Open Access Open Access  Restricted Access Subscription or Fee Access

3 Assembly of Pre-replication Complexes

Umasundari Sivaprasad, Anindya Dutta, Stephen P. Bell


DNA replication is tightly regulated such that each daughter cell receives exactly one copy of the parental cell’s DNA content upon cell division. Disturbing this controlled series of events can lead to genomic instability—a hallmark of cancer—and understanding the mechanism and regulation of DNA replication therefore becomes essential. Not surprisingly, the cell has developed intricate mechanisms and regulatory networks to guarantee the complete and accurate duplication of the genome. These mechanisms ensure that the DNA is replicated exactly once per cell cycle and that DNA replication is arrested in response to DNA damage and other replication stresses (e.g., low nucleotide levels). In many instances, the target of these regulatory mechanisms is a key intermediate in the initiation of DNA replication called the pre-replication complex (pre-RC).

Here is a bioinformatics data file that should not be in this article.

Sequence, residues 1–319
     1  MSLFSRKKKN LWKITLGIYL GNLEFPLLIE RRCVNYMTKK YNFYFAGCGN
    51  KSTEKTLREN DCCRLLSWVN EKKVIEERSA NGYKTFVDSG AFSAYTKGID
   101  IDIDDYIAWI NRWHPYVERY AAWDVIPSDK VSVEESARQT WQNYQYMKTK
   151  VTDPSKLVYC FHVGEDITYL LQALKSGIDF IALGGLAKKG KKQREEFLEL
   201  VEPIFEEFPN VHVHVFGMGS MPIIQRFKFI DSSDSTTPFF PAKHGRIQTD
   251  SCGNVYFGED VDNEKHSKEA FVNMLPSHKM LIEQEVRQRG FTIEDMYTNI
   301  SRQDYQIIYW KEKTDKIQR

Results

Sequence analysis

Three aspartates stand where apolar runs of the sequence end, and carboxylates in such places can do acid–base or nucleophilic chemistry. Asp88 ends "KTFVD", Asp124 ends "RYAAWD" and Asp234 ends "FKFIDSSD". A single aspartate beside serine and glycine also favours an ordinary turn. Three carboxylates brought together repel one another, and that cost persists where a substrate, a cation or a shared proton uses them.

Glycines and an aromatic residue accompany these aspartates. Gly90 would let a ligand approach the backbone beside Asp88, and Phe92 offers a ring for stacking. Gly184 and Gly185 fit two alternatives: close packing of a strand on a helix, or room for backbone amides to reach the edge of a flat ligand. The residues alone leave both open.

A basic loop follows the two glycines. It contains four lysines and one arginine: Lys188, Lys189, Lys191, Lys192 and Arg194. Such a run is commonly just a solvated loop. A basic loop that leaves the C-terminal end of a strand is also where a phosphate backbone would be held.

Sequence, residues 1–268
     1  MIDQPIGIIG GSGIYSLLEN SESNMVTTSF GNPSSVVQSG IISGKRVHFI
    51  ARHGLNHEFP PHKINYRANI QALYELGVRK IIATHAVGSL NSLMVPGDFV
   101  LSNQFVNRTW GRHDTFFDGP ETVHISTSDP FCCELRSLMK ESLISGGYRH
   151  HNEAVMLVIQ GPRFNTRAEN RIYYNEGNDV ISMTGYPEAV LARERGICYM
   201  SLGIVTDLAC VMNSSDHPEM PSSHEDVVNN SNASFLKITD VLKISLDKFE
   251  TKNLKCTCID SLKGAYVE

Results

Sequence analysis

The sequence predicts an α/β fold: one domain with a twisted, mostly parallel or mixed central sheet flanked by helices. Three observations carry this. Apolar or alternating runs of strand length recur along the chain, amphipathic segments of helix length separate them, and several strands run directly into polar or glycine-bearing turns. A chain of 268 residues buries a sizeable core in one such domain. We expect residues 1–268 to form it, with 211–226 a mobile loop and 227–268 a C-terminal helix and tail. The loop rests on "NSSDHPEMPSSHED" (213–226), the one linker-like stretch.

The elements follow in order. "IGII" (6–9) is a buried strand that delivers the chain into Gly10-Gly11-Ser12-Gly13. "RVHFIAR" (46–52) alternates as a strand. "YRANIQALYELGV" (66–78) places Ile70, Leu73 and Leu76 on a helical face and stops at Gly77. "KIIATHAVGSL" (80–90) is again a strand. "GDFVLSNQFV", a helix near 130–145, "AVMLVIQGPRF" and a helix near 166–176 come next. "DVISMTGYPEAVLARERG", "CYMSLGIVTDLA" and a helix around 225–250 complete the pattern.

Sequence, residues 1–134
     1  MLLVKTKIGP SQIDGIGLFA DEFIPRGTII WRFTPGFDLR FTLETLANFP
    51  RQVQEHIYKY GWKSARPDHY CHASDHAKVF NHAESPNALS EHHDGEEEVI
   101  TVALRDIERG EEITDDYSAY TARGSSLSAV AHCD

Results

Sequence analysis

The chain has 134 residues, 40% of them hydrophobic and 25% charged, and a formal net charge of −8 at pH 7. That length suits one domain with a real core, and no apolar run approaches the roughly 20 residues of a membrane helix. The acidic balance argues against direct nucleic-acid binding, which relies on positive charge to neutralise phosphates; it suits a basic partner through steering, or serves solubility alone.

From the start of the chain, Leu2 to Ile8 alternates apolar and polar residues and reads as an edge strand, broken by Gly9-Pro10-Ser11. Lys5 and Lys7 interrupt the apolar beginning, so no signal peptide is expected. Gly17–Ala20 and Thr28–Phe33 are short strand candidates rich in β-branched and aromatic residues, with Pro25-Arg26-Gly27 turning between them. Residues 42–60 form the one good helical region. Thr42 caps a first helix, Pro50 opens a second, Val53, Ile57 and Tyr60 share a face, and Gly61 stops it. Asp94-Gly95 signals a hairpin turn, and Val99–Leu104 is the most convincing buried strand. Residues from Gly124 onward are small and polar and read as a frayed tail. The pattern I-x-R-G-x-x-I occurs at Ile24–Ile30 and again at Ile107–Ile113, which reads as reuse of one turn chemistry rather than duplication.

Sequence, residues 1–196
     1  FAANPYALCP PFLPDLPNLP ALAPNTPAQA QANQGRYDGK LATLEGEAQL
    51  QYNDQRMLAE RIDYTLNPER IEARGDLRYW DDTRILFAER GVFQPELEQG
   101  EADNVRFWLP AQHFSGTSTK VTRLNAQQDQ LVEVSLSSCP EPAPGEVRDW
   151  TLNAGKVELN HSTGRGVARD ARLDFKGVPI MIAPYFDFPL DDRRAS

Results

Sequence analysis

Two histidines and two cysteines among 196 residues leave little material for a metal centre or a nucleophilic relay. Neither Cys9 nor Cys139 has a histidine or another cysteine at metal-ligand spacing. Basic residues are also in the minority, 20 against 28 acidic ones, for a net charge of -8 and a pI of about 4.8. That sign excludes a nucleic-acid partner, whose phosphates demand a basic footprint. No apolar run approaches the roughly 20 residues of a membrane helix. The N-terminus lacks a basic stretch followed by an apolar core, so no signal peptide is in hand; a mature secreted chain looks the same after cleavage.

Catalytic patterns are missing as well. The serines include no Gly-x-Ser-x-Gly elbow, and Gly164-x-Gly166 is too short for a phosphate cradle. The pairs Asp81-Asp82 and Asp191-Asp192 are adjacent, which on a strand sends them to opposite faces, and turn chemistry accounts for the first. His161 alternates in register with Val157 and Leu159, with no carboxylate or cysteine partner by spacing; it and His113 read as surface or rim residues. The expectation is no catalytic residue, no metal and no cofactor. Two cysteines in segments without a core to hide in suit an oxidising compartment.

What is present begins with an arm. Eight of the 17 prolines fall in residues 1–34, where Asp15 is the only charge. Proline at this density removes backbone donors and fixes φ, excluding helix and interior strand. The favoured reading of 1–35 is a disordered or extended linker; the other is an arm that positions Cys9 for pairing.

The pre-RC is a multiprotein assembly that forms at all potential origins of replication. Originally identified on the basis of in vivo DNase I protection assays (Diffley et al. 1994), pre-RC formation requires at least four different proteins: the origin recognition complex (ORC), Cdc6, Cdt1, and the Mcm2-7 complex. Consistent with the central role of the pre-RC, the steps involved in its formation and the proteins involved are conserved across eukaryotic organisms (see Appendix, Table III). Formation of the pre-RC is initiated by the recognition of the origin DNA by ORC. ORC then recruits Cdc6, Cdt1, and the Mcm2-7 complex to the origin. After all of these proteins are present at the origin, a series of ATP-dependent events results in the loading of...

Full Text: